Can Kids Benefit from Sedation Dentistry?

[updated August 2019]

When you start taking your child to the dentist, it’s only natural to be concerned about how he or
she will react to the experience. While most children are able to remain calm when going to the dentist, sedation dentistry can help to make each visit more pleasant for those with fear or anxiety. Sedation dentistry allows children who may be unable, unwilling or afraid to have necessary dental treatment undergo the procedure without feeling fear, stress, anxiety or pain.

Reasons Your Child Might Benefit from Sedation Dentistry

Here is a look at some of the reasons why your child might benefit from going to a dentist who offers sedation dentistry:

Fear of the Dentist’s Chair

It’s not unusual for kids to be nervous about the idea of sitting in the dentist’s chair, and they may also be wary of the equipment used during cleanings and treatments. If your child is feeling anxious about the drill, sedation dentistry can make it possible for he or she to have a more positive experience at the dentist’s office.

Restlessness During the Visit

Is your child prone to getting fussy or agitated at the dentist’s office? Kids often get impatient during their visit to the dentist, particularly if they are scheduled to undergo a lengthy procedure such as getting a filling. Sedation dentistry can make the visit seem to fly by, which will help kids and their parents alike have a better time at the dentist.

Memories of Bad Experiences

If your child has had a negative experience at a dentist’s office in the past, visiting a new dentist
may help, but it could still be difficult to let go of those memories. Sedation dentistry offers a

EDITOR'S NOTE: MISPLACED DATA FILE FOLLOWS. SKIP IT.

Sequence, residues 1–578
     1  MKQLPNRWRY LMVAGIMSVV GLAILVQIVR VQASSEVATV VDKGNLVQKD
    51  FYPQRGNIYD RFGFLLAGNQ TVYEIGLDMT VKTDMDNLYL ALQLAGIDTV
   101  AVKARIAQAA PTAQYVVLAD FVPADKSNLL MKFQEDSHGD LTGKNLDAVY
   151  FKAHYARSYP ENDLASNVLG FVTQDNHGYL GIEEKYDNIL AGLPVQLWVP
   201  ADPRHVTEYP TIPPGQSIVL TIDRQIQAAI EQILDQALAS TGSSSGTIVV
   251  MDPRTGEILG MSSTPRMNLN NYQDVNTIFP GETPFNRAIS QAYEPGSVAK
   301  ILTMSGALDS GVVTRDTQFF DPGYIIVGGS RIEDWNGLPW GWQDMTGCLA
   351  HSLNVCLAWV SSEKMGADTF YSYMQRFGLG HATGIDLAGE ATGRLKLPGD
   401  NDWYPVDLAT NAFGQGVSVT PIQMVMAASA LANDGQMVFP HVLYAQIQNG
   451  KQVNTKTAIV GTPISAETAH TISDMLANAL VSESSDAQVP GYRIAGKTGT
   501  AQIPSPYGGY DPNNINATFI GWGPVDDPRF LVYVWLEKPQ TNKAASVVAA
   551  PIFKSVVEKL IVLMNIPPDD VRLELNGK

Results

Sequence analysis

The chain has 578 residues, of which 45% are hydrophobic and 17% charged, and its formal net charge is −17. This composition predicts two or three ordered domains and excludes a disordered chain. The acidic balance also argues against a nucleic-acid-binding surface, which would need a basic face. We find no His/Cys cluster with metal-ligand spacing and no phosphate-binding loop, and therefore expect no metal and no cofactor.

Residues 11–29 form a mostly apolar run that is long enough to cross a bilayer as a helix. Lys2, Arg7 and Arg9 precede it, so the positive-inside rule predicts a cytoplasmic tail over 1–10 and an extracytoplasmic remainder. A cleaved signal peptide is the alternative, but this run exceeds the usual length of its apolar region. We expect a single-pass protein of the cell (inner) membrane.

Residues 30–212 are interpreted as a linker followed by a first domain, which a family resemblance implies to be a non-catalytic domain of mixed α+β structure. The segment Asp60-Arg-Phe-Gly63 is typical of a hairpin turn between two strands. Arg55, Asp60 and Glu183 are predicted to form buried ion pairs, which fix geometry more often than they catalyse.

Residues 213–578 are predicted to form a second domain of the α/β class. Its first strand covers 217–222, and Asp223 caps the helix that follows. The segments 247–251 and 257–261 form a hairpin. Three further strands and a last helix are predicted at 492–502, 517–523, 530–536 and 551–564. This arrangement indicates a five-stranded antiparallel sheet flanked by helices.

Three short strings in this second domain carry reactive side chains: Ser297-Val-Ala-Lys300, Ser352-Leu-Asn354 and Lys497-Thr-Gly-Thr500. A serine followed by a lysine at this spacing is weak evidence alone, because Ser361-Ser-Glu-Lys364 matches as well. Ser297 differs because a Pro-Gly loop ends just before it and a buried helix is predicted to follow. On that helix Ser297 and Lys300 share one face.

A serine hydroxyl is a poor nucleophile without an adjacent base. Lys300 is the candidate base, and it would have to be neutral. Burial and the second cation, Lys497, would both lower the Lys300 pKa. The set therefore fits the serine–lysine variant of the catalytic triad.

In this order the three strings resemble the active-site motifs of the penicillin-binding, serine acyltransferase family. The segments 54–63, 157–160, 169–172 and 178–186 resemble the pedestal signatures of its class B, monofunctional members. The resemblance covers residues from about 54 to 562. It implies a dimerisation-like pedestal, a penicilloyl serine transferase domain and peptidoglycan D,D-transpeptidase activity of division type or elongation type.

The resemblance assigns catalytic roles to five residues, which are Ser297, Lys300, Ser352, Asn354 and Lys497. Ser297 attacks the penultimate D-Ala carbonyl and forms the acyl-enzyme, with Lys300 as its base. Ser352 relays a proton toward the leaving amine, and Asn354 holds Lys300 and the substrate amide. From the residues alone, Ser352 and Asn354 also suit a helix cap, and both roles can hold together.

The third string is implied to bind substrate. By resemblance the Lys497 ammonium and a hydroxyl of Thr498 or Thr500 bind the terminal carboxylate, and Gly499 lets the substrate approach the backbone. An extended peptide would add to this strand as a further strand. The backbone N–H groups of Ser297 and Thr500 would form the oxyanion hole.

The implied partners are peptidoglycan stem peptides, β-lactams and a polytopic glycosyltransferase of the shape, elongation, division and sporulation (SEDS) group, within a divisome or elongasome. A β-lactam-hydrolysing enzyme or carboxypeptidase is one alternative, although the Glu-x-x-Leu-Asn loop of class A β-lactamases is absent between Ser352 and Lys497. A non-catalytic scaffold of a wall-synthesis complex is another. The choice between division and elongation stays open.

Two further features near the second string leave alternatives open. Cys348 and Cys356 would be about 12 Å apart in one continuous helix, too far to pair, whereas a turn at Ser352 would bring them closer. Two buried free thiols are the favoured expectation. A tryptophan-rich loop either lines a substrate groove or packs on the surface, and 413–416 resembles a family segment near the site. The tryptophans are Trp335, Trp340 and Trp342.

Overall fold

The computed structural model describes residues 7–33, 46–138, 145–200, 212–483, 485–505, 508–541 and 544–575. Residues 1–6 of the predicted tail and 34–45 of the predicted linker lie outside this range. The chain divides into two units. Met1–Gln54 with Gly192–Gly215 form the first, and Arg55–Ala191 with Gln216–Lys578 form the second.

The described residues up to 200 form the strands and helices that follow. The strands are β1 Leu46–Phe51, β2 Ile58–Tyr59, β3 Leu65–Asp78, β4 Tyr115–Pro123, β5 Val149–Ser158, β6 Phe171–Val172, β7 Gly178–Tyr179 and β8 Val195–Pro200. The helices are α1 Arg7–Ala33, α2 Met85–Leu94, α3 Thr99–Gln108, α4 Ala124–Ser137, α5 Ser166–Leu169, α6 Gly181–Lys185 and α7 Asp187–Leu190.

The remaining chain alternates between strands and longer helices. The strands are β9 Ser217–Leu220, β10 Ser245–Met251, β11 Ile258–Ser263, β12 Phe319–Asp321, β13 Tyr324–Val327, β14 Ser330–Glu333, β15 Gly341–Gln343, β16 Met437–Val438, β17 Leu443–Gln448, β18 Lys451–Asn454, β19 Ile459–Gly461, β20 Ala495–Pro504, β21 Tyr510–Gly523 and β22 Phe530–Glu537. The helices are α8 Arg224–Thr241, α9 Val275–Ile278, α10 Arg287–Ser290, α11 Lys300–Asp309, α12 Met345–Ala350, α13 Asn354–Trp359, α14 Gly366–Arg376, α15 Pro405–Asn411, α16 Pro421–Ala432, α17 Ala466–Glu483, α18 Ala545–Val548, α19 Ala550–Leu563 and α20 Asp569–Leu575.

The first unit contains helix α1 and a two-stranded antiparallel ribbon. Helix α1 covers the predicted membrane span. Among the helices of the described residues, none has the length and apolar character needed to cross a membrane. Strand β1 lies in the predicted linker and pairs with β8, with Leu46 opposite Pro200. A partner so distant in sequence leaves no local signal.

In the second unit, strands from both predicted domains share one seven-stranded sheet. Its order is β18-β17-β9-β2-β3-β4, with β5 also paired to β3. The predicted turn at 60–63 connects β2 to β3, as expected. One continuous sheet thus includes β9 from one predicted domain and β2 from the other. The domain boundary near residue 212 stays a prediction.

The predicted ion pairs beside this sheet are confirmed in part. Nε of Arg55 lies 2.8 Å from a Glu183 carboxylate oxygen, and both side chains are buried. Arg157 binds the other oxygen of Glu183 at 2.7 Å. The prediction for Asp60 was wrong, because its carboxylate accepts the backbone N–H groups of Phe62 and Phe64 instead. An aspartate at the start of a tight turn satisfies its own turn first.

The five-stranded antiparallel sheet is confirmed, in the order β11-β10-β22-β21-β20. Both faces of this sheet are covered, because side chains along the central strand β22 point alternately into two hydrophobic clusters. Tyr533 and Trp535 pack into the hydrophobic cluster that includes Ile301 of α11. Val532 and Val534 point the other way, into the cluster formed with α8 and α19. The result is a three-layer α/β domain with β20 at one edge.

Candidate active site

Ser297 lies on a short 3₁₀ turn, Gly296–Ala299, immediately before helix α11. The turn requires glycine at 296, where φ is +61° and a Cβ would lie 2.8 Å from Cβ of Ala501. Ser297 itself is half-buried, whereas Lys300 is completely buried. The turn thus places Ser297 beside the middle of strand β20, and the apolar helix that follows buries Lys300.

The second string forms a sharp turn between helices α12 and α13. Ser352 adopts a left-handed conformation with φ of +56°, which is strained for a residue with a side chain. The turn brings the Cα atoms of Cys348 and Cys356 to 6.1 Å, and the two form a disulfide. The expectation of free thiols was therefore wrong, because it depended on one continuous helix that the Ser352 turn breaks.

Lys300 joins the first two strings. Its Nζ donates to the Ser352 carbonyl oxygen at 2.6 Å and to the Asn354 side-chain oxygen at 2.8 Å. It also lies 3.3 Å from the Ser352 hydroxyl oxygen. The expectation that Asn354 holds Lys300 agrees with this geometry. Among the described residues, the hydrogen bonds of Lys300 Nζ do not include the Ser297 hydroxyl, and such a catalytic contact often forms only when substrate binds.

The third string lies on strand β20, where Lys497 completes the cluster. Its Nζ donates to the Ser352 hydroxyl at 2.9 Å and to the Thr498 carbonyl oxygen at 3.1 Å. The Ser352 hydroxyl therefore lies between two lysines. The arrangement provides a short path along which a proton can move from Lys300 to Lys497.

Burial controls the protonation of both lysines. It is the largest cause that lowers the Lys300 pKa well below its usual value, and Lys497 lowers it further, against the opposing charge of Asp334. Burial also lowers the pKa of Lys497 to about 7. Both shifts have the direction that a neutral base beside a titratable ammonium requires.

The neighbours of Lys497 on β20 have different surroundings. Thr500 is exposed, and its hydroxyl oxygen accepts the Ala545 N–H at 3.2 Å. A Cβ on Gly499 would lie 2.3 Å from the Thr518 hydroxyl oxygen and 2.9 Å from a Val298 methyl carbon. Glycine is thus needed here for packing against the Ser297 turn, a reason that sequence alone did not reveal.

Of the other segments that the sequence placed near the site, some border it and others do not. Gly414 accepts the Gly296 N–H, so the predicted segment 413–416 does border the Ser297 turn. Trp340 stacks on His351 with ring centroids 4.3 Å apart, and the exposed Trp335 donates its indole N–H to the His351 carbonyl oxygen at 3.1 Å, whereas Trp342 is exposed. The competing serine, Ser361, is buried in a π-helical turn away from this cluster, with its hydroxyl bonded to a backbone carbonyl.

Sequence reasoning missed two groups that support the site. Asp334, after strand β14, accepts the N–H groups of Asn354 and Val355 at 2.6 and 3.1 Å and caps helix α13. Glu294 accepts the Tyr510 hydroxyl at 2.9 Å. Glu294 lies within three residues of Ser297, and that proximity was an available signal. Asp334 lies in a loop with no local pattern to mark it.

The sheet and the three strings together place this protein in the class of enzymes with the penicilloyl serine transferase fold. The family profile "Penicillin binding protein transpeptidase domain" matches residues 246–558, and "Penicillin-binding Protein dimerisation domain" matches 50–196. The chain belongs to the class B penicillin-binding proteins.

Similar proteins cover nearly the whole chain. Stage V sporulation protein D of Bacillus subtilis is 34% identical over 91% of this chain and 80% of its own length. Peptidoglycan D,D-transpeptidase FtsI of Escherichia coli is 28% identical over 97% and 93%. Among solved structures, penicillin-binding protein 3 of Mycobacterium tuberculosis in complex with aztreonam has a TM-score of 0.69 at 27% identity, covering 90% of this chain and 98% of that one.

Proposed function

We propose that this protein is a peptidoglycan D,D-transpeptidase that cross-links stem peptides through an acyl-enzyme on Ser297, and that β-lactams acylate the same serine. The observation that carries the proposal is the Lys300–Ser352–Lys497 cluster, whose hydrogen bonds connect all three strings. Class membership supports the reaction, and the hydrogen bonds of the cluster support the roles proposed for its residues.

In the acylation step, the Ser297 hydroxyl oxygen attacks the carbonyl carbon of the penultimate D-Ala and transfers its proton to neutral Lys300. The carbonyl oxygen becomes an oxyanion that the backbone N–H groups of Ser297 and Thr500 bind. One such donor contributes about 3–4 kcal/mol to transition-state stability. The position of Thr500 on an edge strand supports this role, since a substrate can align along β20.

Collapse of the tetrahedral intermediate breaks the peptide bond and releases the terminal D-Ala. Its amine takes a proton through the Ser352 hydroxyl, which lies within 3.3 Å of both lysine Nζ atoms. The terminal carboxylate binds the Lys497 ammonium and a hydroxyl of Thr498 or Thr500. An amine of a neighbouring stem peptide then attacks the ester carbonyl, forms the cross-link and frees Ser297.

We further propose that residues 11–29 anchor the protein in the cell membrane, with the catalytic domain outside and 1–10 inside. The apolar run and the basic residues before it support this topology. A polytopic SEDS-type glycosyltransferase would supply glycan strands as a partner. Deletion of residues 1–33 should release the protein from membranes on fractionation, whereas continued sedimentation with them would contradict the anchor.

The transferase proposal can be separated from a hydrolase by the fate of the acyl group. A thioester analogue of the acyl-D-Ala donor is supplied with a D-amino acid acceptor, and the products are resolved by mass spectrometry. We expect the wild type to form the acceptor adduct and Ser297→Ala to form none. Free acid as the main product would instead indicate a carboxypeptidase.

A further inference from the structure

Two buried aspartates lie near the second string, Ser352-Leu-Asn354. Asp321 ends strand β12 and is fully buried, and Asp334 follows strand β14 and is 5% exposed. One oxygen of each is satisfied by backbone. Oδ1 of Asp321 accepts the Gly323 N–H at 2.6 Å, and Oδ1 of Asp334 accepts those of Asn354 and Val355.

the solution that can help your child to feel calm and relaxed throughout his or her stay at the
dentist’s office.

Overly Sensitive Teeth

Many children don’t like the dentist for a perfectly understandable reason—they have highly
sensitive teeth, a strong gag reflex, or something else that makes it uncomfortable for them to
undergo even a basic cleaning. One of the great benefits of sedation dentistry is that it makes it
possible for all children to get the oral care they need to protect their teeth and gums without
suffering discomfort or dismay.

Additional Benefits

Other benefits of sedation dentistry for children include

  • enhanced treatment quality (especially for children who have difficult sitting still)
  • ability to perform more treatments in less time
  • children have little to no memory of the treatment

Types of Sedation Dentistry

There are three different types of sedation dentistry: nitrous oxide, oral sedatives, and IV sedation.

  • Nitrous oxide, or laughing gas, is a very safe, mild sedative that will help your child remain relaxed during dental procedures.
  • Oral sedatives make your child a little drowsy and will keep him/her relaxed during their treatment. This usually takes about 20 minutes to kick in so your child will be asked to take this when you arrive for the appointment.
  • IV sedation requires a needle to be inserted into your child’s vein and can be adjusted during the treatment to keep your child relaxed for a longer procedure.

It is important to thoroughly vet any dentist who is offering sedation dentistry for your child. In recent years there have been a few reports of sedated children dying at dental offices so make sure your child’s dentist follows safe sedation protocols. Ask your dentist about their specific sedation dentistry training.


About the Author – Dr. Thuy Nguyen, DDS

Dr. Thuy Nguyen DDS in Tukwila, WA holds a Bachelor of Science in Microbiology and received a Doctorate of Dental Surgery from the University of Washington. In 2011, she also completed the Progressive Orthodontic Program. She is known for her fine work and a friendly and caring attitude. Her enthusiasm for dentistry is contagious, as she designs and improves smile after smile. Dr. Nguyen is bilingual in English and Vietnamese. She maintains memberships to the Seattle King County Dental Association, The Washington State Dental Association, and The American Dental Association.

References

Saint Louis, Catherine. Should Kids Be Sedated for Dental Work? The New York Times, August 24, 2017. https://www.nytimes.com/2017/08/24/well/family/should-kids-be-sedated-for-dental-work.html

Sedation and Pediatric Dentistry. UPMC Children’s Hospital of Pittsburgh. http://www.chp.edu/our-services/dental-services/patient-procedures/sedation

 

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